These designs support planned parenthood AND the environment?

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It’s easy for us to get distracted by the glitz and glamour of a butter-velvet chair or a gravity-defying pendant. The design world is tactile and demandingly captivating in every way. Once you’re immersed in it, you have to pull your head above water sometimes to get some non-aesthetic perspective.

Our favorite way to do this is to reconnect with people in our community who are using design to make an environmental or social impact bigger than themselves.

While we were in New York we hunted down three big projects with a message that we wanted to learn more about.

Here’s what we found

1. Field Studies at Sight Unseen

The flagship project at Sight Unseen Offsite (an exhibition that the magazine Sight Unseen puts on every year for New York Design Week) this year was called Field Studies. It challenged 13 creatives and designers to design a collaborative functional object, with all proceeds going to the charity of their choosing.

We arrived on the last day and entered into the multi-room gallery with the classic prompt of “what’s your last name” and only managed to add a dash of are-we-cool-enough-for-this hesitation.

Floor Lamps by Harry Nuriev and Liam Gillick.

The idea behind Field Studies was to connect creatives from all different backgrounds and have them work together to create a piece … which is a great preface for the fact that no other than Seth Rogen created a mirror for this exhibit.

The list of notables that decided to join in on the fun was plentiful as it ranged from singer Angel Olsen to actor Jason Schwartzman, even Rihanna’s stylist Mel Ottenberg took part in a collaboration.

To many, it may seem bizarre to pair designers with people from varying industries … but it’s the perfect move.

Especially when you realize the ultimate goal – this project was part of their Design for Progress initiative which is a way they’ve been rallying the design community to fundraise and protect those who are vulnerable during this tumultuous political climate.

The charities of focus were a medley of big names like Planned Parenthood, Hilarity for Charity, and Big Brothers Big Sisters NYC. They were raising funds for Puerto Rico, AIDS, youth homelessness, and so much more.

The designs were avant-garde, to say the least … but it’s only natural when two minds come together to create something otherworldly.

Sometimes it makes sense to use a little celebrity and notoriety for the greater good.


2. Glossier x Kim Markel

Kim Markel and Glossier teamed up to take the general Sight Unseen showcase with a bang – making furniture out of Glossier’s empty product jars. The chair is the consortium of beauty-junky excess: it takes more than 50 jars of priming moisturizer to make a single chair, along with a variety of other reclaimed plastics.

But keeping in-line with recycled materials doesn’t stop there, the vanity and side tables are made from spun stone dust (a byproduct of the quarrying process). Kim Markel‘s approach to design is to create unique objects by reimagining discarded materials. Everything she makes is excitingly experimental and weird in the best way.

She’s a perfect reason to leave the fad of “newness” and is clearly a conscious designer (she got her professional start in the world of public policy).

The advocate became a force of action when she dove into the furniture world as a project manager at the Polich Tallix foundry, opening her own studio in 2016.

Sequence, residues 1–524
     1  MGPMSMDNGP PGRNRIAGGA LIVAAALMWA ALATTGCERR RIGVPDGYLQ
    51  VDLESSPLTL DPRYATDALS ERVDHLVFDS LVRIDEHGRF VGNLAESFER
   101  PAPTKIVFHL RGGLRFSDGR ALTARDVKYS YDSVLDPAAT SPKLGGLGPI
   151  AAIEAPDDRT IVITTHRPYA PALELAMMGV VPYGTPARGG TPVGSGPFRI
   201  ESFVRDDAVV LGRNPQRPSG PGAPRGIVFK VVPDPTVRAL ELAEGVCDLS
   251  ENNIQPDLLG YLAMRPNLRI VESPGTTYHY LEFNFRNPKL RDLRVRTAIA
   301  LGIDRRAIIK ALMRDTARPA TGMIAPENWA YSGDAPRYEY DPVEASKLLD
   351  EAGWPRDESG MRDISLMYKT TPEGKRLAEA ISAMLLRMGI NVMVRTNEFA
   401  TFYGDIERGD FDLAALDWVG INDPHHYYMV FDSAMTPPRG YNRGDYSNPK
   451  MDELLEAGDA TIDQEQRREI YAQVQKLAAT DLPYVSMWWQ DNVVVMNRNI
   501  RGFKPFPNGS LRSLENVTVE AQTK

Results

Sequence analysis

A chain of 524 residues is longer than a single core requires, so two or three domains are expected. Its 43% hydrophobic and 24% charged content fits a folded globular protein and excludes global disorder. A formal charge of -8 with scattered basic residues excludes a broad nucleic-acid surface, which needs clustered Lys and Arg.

Markel refers to her work “as an evolving conversation between ideas, technique, and materiality: an idea for an object, the development of a unique technique to make it, and then creating a material for it.”

Who knew an obsessive love for Glossier’s skincare could result in good design?

3. Zero Waste Bistro at Wanted Design

A few steps away from ICFF at the Javits Center, a group called Wanted Design hosts marquee-style design events in New York and Brooklyn, encouraging in-depth design dialogue, programming, and ingenuity.

We were wowed this year by the aesthetic risks that were taken at Wanted, but we were most moved by a special effort to reduce waste and design sustainably.

Commissioned by the Finnish Cultural Institute, the Zero Waste Bistro was a project co-curated by Finnish designers Harri Koskinen and Linda Bergroth and introduces the zero-waste food philosophy of Helsinki-based Restaurant Nolla, the first zero-waste restaurant in the Nordics.

The bistro concept as a whole was made to model a circular economy – where resources are kept and reused for as long as possible.

The walls up close!

The table surfaces were made of Durat, a solid material which contains recycled plastic and is 100% recyclable.

More specifically, the Durat is composed of post-industrial waste from Sweden and Finland that would normally end up in wastelands.

Some of our favorites from Iittala and Artek were tasked with accessorizing the place – they provided dinnerware, Aalto Stool 60s, and Grenade Pendants.

During the time period in which the bistro was on display, it served as a functioning restaurant!

They held special brunches, lunches, and dinners for anyone lucky enough to reserve a spot.

All the food was made with zero waste in mind (by the chefs at Nolla), from local ingredients that are often ignored or discarded.

The structure and the walls were made of a material called rewall – a composite made from upcycled plastics and industrial waste.

Design that makes a difference is more important than ever, as it takes diligence from every industry and walk of life to make this world a better place. We’re committed to fighting for what’s right in any way we can and sharing the incredible work from everyone who is doing the same.

Featured Image: Luvere Studio Lighting installation at Wanted Design
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